De la Riva is one of the most versatile open guards in jiu-jitsu, and has played an important role in the development of a lot of today’s modern guards. It first appeared in Brazilian jiu-jitsu back in the early 1980s when legendary competitor Ricardo De La Riva began using it, putting it on the map with his 1986 match against Royler Gracie at the Copa Cantão. However, a version of this guard was used much earlier by Osa Tsunetane in the 1970’s, in nonatei style judo competitions. Considered the “mother of the modern guard”, the DLR guard has led to the evolution of many different guard variations and techniques, the most famous being the “berimbolo”.
The strength of the DLR guard is in its ability to entrap your opponent’s lead leg, preventing him/her from passing very easily, as well as allowing for excellent opportunities to off-balance and sweep, or even to submit. You opposite leg – the non-DLR hook leg – allows you to create distance between you and your opponent, while your DLR-side hand is typically occupied with the hem of your opponent’s gi pant and your non-DLR-side hand assists in breaking the posture, by grabbing the lapel, sleeve or belt.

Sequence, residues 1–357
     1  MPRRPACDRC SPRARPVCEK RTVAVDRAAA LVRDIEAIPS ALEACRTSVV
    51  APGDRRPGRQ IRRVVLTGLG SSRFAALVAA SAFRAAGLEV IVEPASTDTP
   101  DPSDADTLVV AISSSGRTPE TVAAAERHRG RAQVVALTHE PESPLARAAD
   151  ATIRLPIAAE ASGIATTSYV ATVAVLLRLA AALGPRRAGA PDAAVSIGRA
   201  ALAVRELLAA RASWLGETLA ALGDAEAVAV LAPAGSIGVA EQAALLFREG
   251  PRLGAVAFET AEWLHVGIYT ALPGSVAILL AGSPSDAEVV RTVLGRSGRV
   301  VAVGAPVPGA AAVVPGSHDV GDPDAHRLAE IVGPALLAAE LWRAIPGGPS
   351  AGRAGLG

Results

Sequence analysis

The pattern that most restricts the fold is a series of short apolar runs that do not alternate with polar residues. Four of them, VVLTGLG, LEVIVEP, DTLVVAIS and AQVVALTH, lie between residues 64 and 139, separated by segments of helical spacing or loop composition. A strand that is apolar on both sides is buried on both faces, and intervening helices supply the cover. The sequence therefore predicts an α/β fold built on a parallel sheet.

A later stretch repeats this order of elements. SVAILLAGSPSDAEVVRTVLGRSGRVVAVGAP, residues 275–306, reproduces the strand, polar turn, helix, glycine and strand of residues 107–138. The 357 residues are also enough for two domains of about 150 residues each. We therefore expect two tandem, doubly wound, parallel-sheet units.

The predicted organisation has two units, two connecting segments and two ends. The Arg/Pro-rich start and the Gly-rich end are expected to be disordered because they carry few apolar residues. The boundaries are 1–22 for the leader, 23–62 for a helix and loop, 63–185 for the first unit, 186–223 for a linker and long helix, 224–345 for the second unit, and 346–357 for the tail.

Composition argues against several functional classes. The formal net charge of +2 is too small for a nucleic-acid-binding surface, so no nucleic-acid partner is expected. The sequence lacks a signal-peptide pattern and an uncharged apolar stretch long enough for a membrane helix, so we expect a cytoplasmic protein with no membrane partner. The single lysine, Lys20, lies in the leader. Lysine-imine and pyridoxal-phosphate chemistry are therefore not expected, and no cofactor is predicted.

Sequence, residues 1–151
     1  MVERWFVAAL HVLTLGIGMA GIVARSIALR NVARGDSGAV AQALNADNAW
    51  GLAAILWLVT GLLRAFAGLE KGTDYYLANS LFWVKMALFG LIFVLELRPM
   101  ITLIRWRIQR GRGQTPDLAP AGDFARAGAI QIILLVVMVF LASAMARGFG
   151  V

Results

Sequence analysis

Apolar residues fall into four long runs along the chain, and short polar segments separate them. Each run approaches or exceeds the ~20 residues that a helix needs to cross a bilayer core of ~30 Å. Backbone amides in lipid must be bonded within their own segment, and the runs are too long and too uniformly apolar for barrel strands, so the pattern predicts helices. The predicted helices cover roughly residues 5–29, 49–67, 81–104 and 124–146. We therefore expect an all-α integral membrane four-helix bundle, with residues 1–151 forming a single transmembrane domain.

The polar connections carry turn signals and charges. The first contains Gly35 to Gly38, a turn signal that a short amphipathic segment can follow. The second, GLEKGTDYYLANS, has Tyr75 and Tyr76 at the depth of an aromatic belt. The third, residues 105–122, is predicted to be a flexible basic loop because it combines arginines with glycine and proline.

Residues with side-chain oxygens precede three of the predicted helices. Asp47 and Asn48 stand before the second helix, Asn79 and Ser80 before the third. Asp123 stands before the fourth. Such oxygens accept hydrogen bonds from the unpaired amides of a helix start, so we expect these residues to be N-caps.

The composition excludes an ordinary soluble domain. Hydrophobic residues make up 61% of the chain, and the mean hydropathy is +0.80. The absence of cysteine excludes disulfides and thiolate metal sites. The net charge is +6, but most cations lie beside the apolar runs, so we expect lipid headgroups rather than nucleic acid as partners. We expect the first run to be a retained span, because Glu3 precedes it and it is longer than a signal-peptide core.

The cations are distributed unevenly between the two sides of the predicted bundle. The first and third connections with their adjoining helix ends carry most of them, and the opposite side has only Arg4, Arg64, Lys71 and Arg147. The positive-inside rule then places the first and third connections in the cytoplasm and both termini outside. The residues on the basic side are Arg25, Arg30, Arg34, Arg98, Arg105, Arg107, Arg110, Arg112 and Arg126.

Without further ado, here are ten of our favorite DLR techniques, specially-curated and brought straight from the Atos Online Academy vault!
- De La Riva Guard Pull to Over Head Sweep
- Double Ankle Sweep from De La Riva Guard –
- Waiter Sweep from DLR Guard
- Sweep from DLR Shin Grip –
- De La Riva Guard to Single Leg
- Omoplata from De La Riva Guard
- Berimbolo from DLR to Back Take
- Sweep from De La Riva to Knee Bar
- Lapel Sweep from DLR to Triangle
- DLR to Crab Ride Back Take to Clock Choke